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Fendi, the fashion house that turned wardrobe specialties such as fur, leather goods, fragrances, timepieces, and eyewear into staples, recently opened a flagship location in Miami. We caught up with the Italian brand’s CEO, Pietro Beccari, about the new location in the city’s Design District, Fendi’s admirable restoration of the Trevi Fountain in Rome, and its focus on new concepts in technology, art, and design across a global scale.
WHITEWALL: Fendi recently opened a new 5,400-square-foot flagship store in Miami’s Design District. What was the initial design approach you had in mind for this location?
PIETRO BECCARI: For our Design District boutique, we wanted the store concept to reflect the culture of its location—the colors, the energy, the influence of design in the area. We had also recently opened a new store in SoHo in New York that incorporated exposed brick and raw materials, and we decided to play with this same idea for the Design District location.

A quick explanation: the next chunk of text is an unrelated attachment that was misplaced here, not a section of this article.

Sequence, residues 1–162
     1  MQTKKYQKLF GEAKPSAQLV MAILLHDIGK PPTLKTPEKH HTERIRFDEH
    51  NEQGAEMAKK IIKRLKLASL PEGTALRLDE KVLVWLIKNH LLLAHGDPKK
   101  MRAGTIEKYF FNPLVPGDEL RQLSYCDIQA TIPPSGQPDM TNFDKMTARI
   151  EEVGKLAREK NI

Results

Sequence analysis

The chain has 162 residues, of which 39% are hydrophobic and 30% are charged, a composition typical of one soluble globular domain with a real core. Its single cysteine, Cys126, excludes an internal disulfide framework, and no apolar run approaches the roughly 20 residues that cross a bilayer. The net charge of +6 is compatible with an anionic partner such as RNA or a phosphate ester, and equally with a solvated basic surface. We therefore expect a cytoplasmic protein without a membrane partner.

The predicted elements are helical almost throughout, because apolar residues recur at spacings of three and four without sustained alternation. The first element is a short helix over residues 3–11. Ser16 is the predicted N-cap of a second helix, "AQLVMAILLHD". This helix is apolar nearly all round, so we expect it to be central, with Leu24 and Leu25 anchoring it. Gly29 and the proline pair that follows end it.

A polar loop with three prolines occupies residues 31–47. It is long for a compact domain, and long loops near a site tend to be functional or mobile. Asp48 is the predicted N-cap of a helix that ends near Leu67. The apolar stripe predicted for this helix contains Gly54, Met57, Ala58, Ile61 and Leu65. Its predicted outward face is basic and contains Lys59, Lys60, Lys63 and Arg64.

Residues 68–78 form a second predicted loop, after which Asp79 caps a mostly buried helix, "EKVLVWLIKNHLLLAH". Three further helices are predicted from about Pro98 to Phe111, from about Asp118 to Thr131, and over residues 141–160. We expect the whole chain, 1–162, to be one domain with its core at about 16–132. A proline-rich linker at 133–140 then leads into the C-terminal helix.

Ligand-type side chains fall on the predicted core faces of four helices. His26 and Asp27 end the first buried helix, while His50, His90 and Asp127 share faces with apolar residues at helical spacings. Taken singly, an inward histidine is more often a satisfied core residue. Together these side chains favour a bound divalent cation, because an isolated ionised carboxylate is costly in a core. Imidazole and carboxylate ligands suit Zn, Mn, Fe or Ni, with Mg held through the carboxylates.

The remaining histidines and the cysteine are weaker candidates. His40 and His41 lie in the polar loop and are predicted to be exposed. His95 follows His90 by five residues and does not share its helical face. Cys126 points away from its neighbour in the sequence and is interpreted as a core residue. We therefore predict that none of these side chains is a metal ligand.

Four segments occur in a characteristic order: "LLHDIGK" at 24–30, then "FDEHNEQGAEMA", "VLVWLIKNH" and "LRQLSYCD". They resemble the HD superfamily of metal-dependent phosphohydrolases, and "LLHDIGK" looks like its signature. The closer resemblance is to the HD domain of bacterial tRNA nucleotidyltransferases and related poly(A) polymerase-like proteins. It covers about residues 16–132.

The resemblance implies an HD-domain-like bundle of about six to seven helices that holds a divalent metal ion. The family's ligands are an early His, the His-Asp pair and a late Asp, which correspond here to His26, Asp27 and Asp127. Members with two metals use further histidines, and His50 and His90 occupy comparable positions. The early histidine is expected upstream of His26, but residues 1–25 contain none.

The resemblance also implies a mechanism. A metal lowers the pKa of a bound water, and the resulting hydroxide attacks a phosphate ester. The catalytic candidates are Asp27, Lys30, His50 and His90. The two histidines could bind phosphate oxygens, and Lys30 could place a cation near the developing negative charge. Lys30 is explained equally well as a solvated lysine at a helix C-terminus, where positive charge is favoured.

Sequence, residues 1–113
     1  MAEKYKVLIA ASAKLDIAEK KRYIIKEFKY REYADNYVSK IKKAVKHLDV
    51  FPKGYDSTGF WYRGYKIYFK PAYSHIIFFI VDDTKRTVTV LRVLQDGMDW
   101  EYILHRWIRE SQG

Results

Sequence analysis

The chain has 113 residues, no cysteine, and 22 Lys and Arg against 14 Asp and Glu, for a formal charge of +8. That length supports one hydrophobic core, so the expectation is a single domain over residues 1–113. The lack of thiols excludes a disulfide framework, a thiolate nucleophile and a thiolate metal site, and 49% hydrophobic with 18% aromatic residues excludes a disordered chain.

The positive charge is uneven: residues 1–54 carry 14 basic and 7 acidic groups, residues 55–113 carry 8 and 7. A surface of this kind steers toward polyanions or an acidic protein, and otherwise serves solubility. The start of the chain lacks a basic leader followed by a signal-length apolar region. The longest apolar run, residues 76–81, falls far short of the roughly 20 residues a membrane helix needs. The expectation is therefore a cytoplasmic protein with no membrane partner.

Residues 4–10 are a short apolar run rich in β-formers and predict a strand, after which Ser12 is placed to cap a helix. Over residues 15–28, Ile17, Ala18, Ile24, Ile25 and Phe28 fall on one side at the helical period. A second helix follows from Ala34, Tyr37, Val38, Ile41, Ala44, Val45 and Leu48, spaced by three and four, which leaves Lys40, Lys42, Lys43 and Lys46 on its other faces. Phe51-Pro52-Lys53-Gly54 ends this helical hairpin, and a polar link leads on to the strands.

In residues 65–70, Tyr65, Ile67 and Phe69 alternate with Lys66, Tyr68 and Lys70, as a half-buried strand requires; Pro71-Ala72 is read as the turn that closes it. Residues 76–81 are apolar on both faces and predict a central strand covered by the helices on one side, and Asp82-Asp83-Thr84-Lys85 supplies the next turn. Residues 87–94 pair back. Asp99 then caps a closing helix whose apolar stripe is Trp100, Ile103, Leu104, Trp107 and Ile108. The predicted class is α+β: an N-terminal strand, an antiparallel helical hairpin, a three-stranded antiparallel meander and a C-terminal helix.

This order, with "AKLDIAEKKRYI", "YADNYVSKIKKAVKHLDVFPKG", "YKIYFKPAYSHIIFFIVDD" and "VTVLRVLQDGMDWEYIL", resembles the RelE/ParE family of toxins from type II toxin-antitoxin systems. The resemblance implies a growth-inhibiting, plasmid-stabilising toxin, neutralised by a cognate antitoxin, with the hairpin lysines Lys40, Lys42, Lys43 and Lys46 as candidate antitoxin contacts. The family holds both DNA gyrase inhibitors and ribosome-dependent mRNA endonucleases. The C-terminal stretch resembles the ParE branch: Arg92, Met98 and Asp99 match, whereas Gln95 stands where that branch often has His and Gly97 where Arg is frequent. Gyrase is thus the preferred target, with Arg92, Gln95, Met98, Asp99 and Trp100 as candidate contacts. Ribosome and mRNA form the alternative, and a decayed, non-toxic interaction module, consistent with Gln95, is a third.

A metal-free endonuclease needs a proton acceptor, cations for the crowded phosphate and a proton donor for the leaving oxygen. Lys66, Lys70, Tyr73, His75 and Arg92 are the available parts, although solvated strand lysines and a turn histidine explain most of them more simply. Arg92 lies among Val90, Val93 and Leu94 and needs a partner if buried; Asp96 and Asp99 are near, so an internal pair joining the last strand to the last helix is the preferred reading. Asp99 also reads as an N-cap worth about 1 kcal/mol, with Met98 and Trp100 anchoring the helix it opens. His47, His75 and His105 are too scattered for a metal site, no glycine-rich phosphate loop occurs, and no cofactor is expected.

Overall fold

WW: For a special collaboration, Fendi partnered with Johanna Grawunder for the building’s exterior. How did this collaboration come to fruition? Why was it important for Fendi to work with this artist—an artist who particularly specializes in lighting design—for the exterior?
PB: We had worked with Johanna Grawunder previously for our “Un Art Autre” traveling fur exhibition in Asia and were very impressed with her work. When we began plans for the Design District store, we approached her again, as we liked the idea of working with an artist for the facade, and she was a natural fit for the collaboration. Her use of light and color worked very well with the overall design concept we had in mind and perfectly reflected the vibe of the store’s location within the Design District.